If carbon wrapped barrel help throat life then it is going to be a big boon to people who shoot lots of rounds.
It fits here a little better than over there.
It is my understanding that the whole purpose of machining a barrel as thin as you could possibly get and wrapped it with carbon fiber was to reduced barrel weight without sacrificing rigidity. As an added bonus, the carbon fiber can act as an insulator. As far as heat dissipation is concerned though, I don't see any contributing characteristic a carbon fiber have to make me believed that it will help to facilitate barrel cooling. The rapid cooling I believed can be attributed to the barrel being thin and therefore has less mass. On the opposite extreme, it is my belief that you could easily cooked these barrel if you aren't carefull. Don't get me wrong though, I like to own one of these barrel. As a matter of fact now that I got an okay from the wifey, I'll be ordering one of Dave's 338 SnipeTac rifle with one of these pole. Just my 1 cent. [img]/ubbthreads/images/graemlins/confused.gif[/img]
To achieve the maximum possible accuracy, all variables must be remove or at least minimize.
As I said before, one needs to be careful with internet "science" but here is some that illustrates what I was trying to say. There are different types of "carbon" fibers. A barrel wrapper has to choose the right one or else he will be making an oven to cook the barrel.
[ QUOTE ]
Currently, high thermal conductivity fibers are being evaluated as a reinforcement for metal matrix composites. The objective is to produce a less dense material with an even higher conductivity than that of the metal matrix. A carbon fiber/copper composite with a 39 percent volume fraction of fibers has a density of 6.24 g/cc, as compared to 8.96 g/cc for pure copper. However, the density of carbon/carbon composites, approximately 1.5 -1.9 g/cc, is considerably lower. Thus, from the viewpoint of weight reduction, the use of carbon/carbon would still appear to be preferable.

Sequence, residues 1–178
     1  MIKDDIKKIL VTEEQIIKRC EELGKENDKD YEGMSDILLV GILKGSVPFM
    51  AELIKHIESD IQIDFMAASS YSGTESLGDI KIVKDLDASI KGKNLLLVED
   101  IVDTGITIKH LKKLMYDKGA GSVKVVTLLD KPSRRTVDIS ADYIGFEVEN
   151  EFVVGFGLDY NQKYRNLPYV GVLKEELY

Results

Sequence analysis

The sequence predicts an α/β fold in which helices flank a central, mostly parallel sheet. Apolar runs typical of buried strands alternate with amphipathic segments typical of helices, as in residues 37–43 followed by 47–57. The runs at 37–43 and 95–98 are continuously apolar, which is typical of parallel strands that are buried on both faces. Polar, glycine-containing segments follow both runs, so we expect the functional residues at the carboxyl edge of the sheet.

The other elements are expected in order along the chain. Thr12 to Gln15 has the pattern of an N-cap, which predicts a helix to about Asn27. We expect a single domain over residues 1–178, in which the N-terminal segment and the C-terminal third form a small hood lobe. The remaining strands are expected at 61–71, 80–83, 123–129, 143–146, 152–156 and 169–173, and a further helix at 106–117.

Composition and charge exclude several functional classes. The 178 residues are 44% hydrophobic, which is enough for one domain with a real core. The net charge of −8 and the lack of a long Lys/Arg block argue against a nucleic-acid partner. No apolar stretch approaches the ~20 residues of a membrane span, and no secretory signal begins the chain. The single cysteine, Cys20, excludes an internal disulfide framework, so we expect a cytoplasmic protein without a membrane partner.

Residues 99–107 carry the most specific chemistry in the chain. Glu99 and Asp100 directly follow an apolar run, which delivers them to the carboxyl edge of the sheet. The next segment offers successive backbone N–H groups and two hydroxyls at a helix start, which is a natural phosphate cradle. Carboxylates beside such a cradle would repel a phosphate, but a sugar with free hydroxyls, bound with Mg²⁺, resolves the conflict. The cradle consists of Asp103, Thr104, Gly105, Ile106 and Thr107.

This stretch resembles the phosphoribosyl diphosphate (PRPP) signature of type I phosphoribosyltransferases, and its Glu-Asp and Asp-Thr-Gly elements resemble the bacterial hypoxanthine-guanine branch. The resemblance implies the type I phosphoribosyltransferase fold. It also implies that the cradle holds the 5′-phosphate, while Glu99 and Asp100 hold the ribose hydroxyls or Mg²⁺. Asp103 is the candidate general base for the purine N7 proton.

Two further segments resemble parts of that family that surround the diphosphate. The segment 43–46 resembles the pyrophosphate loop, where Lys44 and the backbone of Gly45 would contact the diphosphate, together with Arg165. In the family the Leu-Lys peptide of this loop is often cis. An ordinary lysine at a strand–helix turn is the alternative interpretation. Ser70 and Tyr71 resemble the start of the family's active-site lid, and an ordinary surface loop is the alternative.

Surprisingly, studies have shown that the thermal conductivity of a composite often depends more on the matrix than on the fibers. One possible reason is that often some of the fibers are broken and are thus discontinuous down the length of the composite, reducing thermal transport. Therefore, when a high thermal conductivity matrix such as graphitic carbon is used, not only do the fibers contribute to high thermal conductivity, but the matrix does as well. Since the thermal conductivity of graphite is higher than that of any metal, carbon/carbon would appear ideal for high thermal conductivity composites. Furthermore, at temperatures exceeding 1100°F, carbon/carbon composites exhibit higher strengths and moduli than metal matrix composites (see Figure 1). Thus, this combination of higher strength, lower density, and higher thermal conductivity makes carbon/carbon preferable to metal matrix composites in numerous applications.
I'm looking forward to those images. ID Preacher's camera is a real boon to the project.
I also appreicate the 'round table' discussion that is going on here.